I had seen a bunch of bits and pieces of this film since it’s so iconic, but never saw the whole thing until this past Easter Sunday.  And it definitely lived up to its iconic status; I loved it.  Great mix of humor and tragedy.  And of course the “Raindrops Keep Fallin’ On My Head” song is insanely catchy.  Though I was familiar with the song previous to watching the film, the spirit of the film and the song match so well, watching the film makes the song even more catchy.  The blu-ray also featured some great commentary tracks and a deleted scene (with lost audio) in which Butch and Sundance watch themselves get killed on a newsreel in a theater.  I don’t know why they deleted it; I think it would have fit wonderfully in the film.



This 1997 film by Martin Scorsese tells the tale of the Dalai Llama.  I guess it was educational.


Titanic 3D

I was curious to see how James Cameron’s insanely successful film from 1997 would look in 3D (I love 3D), and it was an extremely impressive conversion.  I can’t imagine all the insane amount of work that must’ve went into it, but it was hard for me to tell it was a conversion.  The only scenes that looked a bit odd were the ones in which a night sky full of stars was the backdrop.  It just looked too close to the foreground, as if the actors were acting in front of a poster-board with stars painted on it.  It did not look like the stars were far in the distance.  As for the story, I had never actually seen the first half of the film, didn’t know anything about how Jack got on the ship or what the story with the jewel was all about.  Geez, that romance was corny corny corny.  Is that really the sort of guy women want?  Bleh!  Oh, and of course every time I saw the captain I thought: Theoden King!


Real Steel

This film from 2011 tells the story of an alienated father and son trying to find a way to relate to each other through the training and fighting of giant boxing robots.  The story is based on an old sci-fi short story, not the boxing head-popping robot toys.  The special effects were amazing, and it was refreshing to see a heartfelt story behind the action.  Fun popcorn movie.  But they certainly didn’t explore all the possibilities the premise of fighting robots could provide; it will be interesting to see if they create a sequel or not.


Star Trek

I hate Spock.


The Godfather: Part 2

I very much enjoyed this famous 1974 sequel.  Again, I had seen many bits and pieces of the film before, but never the whole thing all the way through.  It was a great film; one of the few sequels better than its predecessor.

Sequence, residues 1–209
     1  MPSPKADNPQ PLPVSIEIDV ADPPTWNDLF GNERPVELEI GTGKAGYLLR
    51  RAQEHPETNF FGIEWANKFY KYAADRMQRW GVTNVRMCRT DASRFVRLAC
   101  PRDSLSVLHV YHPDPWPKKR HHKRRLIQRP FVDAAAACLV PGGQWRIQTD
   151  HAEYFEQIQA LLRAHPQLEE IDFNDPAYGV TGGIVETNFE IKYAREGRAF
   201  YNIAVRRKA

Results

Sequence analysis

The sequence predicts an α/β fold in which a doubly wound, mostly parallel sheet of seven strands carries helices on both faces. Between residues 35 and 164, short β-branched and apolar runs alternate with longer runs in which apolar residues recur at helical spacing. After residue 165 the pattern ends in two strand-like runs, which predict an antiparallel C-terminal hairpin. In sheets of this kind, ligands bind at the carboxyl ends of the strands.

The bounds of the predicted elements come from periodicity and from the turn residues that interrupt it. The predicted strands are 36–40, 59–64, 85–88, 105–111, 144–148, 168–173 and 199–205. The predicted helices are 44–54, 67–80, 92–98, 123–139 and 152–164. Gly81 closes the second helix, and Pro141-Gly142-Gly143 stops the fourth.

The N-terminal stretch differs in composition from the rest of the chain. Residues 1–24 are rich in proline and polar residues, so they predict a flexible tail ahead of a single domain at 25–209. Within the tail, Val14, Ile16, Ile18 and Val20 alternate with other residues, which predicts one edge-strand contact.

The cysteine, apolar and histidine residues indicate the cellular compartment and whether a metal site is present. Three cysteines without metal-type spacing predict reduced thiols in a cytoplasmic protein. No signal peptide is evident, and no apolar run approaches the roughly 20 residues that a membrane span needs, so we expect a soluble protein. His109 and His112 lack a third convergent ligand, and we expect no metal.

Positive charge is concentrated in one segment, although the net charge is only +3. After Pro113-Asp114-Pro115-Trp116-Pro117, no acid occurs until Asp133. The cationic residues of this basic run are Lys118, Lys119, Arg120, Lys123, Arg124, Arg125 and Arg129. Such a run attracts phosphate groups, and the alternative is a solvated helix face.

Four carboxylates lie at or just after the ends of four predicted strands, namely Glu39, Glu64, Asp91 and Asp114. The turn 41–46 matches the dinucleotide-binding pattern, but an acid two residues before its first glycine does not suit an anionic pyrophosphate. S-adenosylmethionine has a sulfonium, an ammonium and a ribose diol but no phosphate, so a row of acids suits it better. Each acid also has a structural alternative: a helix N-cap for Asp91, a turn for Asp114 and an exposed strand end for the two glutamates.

Burn Notice: Season 3

OK, it’s not a movie, but I have been watching Burn Notice DVD’s lately, and recently finished Season 3 from 2009.  Great show.  I’m too behind to watch it on TV, but I’ll keep watching the DVD’s when I can.


My Neighbor Totoro

I’m continuing to catch up on Studio Ghibli’s famous films, essential viewing for animation fans.  This film tells the story of two sisters who discover magical creatures in the woods behind their house who help them, in a way, cope with their mother’s illness.  Great film, full of a believability and spirit you don’t see in many of today’s animated films that are instead full of pop-culture reference gags.  (Though I still enjoy a good pop-culture reference gag.)


War Horse

This Spielberg film from 2011 tells the tale of a horse who is “recruited” for war while the boy who raised him wonders whether or not he’ll ever see him again.  A great movie for people who think horses can feel human emotions.  I myself must admit that I am a blatant equusist; I am prejudiced against horses.  I don’t think they can have human emotions.  So it was very hard for me to relate to the horse’s war struggles.  I certainly don’t think there’s anything wrong with a human loving an animal (I know I quite loved my dear dead dog Patches), but I don’t like the idea of love for an animal being romanticized on the level of intra-human love in the context of a film’s story.  Does that make sense?  It’s a similar problem I had with Spielberg’s A.I.; I just couldn’t feel a relatable emotion with a little robot kid who doesn’t have real emotions in the first place.  And in War Horse the Germans, of course, spoke English with accents during the war, don’t you know?  Because Heaven forbid an American should have to read subtitles!